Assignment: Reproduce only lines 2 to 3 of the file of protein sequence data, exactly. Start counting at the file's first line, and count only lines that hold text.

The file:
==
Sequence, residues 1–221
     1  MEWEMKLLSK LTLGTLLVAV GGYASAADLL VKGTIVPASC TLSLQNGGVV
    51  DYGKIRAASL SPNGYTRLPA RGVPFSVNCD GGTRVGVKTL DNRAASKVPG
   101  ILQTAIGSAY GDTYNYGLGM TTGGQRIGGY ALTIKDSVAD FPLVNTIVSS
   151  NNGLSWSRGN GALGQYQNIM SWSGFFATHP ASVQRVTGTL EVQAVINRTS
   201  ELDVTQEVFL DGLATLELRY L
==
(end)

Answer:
     1  MEWEMKLLSK LTLGTLLVAV GGYASAADLL VKGTIVPASC TLSLQNGGVV
    51  DYGKIRAASL SPNGYTRLPA RGVPFSVNCD GGTRVGVKTL DNRAASKVPG